Suddenly the prospect of making real money from individual effort appears in reach. Or at least that is what we are told. Newsletter writers have joined podcasters and Youtube video jocks in promoting that they are making far more than they have ever made before, and with no boss, other than their subscribers, to please.
This week’s That Was The Week features several contributions to the discussion of the “Creator Economy”. And the real question is, is it real or is it fake?
Sahil Lavingia, former Pinterest executive, left and founded Gumroad.
Gumroad is a company that rejects the typical venture-backed metrics of success and instead chooses to operate on loose schedules and flexible hours. The pitch Gumroad makes to its creators is that they can quit their job, work at their leisure, and get paid for their craft — so why shouldn’t Gumroad hold itself to the same standard?
And Packy McCormack celebrates the one year anniversary of his “Not Boring” newsletter by looking back over the year. The newsletter is excellent. And Packy makes clear he rejected both advertising and subscription in favor of sponsorships as his model. He shows it is working for him quite well. And now he is moving into investing in the startups he talks about, via a syndicate he helps manage.
Not Boring is for the optimists, and for the people trying to make crazy things happen. I’m definitely going to be biased. I’m going to have the backs of the companies in which we invest, and the companies that support Not Boring.
So what’s next for Not Boring? The answer is, just like a year ago, I have no idea. Unlike a year ago, though, I have 365 days of not knowing, growing, and figuring it out under my belt, and I’m ecstatic to see where serendipity leads us over the next 365.
What I do know is that I unapologetically want Not Boring to be a big business. I want to blur the lines between analyzing, experimenting with, investing in, and promoting the companies and products that I can’t stop thinking about. I want to help companies tell their stories.
Patronage, whether from subscribers, or sponsors, or people who will gift you cash seems to be a dominant theme. Our front cover hero, Leonardo DaVinci knew quite a bit about patronage.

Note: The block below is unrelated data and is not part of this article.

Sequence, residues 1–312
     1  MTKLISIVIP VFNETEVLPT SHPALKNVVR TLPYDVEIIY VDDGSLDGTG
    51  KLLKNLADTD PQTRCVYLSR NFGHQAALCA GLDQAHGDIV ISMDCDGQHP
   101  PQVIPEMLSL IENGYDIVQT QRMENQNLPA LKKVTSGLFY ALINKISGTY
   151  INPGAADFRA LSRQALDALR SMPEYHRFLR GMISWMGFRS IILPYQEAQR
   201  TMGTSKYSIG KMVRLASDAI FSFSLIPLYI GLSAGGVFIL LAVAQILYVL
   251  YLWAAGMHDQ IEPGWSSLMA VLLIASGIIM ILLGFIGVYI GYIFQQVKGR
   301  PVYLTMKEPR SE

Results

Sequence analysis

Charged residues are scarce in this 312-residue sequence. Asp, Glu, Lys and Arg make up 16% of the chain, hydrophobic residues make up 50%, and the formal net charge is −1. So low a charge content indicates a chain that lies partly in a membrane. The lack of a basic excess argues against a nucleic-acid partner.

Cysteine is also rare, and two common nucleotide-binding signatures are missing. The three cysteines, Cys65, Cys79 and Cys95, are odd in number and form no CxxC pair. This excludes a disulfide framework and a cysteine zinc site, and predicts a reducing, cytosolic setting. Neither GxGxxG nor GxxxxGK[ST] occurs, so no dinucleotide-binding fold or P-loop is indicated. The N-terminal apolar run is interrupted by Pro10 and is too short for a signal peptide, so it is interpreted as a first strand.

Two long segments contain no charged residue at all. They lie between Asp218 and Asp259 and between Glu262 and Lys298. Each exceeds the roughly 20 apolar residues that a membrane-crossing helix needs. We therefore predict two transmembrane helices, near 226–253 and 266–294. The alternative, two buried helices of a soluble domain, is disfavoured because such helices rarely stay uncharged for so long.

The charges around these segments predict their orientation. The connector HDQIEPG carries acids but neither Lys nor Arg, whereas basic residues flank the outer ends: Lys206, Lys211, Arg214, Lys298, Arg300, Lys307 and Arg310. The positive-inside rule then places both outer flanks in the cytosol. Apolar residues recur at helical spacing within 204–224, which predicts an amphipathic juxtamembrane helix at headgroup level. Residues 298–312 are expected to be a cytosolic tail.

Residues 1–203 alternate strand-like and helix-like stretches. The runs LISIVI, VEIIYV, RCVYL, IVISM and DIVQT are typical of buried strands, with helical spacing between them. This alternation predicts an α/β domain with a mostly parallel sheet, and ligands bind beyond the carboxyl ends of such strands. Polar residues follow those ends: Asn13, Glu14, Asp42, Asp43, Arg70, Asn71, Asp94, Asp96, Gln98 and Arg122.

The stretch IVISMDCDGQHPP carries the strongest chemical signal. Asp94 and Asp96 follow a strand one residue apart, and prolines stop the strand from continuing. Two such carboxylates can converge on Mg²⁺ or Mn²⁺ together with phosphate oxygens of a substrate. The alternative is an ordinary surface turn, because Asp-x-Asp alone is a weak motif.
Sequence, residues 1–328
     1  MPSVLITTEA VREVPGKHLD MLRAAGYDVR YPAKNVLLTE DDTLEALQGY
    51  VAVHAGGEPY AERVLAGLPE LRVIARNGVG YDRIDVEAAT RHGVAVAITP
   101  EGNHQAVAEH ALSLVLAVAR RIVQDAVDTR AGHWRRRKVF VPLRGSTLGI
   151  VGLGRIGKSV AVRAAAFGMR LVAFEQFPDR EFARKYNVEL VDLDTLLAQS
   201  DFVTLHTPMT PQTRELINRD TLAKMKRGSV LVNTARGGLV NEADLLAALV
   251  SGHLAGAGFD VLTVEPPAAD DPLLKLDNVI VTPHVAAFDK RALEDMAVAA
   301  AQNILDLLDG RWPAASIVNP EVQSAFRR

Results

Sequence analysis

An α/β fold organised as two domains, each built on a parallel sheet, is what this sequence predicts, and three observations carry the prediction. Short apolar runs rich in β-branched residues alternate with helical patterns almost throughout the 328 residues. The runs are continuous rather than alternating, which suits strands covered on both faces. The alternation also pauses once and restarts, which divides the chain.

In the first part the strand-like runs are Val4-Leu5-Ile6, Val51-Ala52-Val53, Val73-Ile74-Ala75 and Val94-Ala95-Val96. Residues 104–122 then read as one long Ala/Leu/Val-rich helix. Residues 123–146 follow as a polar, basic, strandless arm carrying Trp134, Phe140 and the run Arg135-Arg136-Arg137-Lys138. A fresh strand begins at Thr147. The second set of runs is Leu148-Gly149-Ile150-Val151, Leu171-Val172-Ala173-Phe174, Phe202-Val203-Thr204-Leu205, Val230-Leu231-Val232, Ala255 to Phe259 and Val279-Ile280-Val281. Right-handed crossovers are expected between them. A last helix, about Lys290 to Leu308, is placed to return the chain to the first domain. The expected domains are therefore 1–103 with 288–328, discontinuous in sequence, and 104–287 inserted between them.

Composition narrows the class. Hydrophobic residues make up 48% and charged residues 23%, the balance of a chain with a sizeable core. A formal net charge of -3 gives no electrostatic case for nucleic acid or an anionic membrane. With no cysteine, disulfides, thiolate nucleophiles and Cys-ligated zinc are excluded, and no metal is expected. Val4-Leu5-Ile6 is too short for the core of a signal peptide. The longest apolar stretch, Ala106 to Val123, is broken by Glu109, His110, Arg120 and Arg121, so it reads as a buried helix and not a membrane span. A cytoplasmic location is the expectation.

In the early 1480s, many years before he painted the world-famous pieces for which he is now best known—the Mona Lisa
being just one—Italian polymath Leonardo da Vinci
sought a job at the court of Ludovico Sforza, the then de facto ruler of Milan. A decade later, it was Sforza who commissioned him to paint The Last Supper
Fully aware that Sforza was looking to employ military engineers, Leonardo drafted an application letter that put his seemingly endless engineering talents front and centre, by way of a 10-point list of his abilities; interestingly, his artistic genius is merely hinted at towards the very end. It is believed that the final document … translated below, was penned not in Leonardo’s hand, but by a professional writer. The effort paid off, and he was eventually employed.
Patreon raised $150m and is now valued at over $4 billion. It is the modern-day “patron meets artist” platform. This is the same 2 weeks that Substack achieved its lofty valuation, as did Clubhouse, announcing payments and a new $4 billion valued round, alongside rumors that Twitter and Facebook wish to buy it.
So, something is happening. The lines between work and fun are being broken down, and that is a wonderful thing. Of course, most creators will not be able to make a living this way until we move to a universal basic income world, which will come. But until then we have a small number of highly motivated people showing us what the post-work world may look like.
We also look at Government and innovation this week, as it pertains to artificial intelligence and also encryption. Clearly autonomous software, and encrypted communications are both liberating and, from the point of view of governments, scary. Discuss :-). As we will in this week’s video.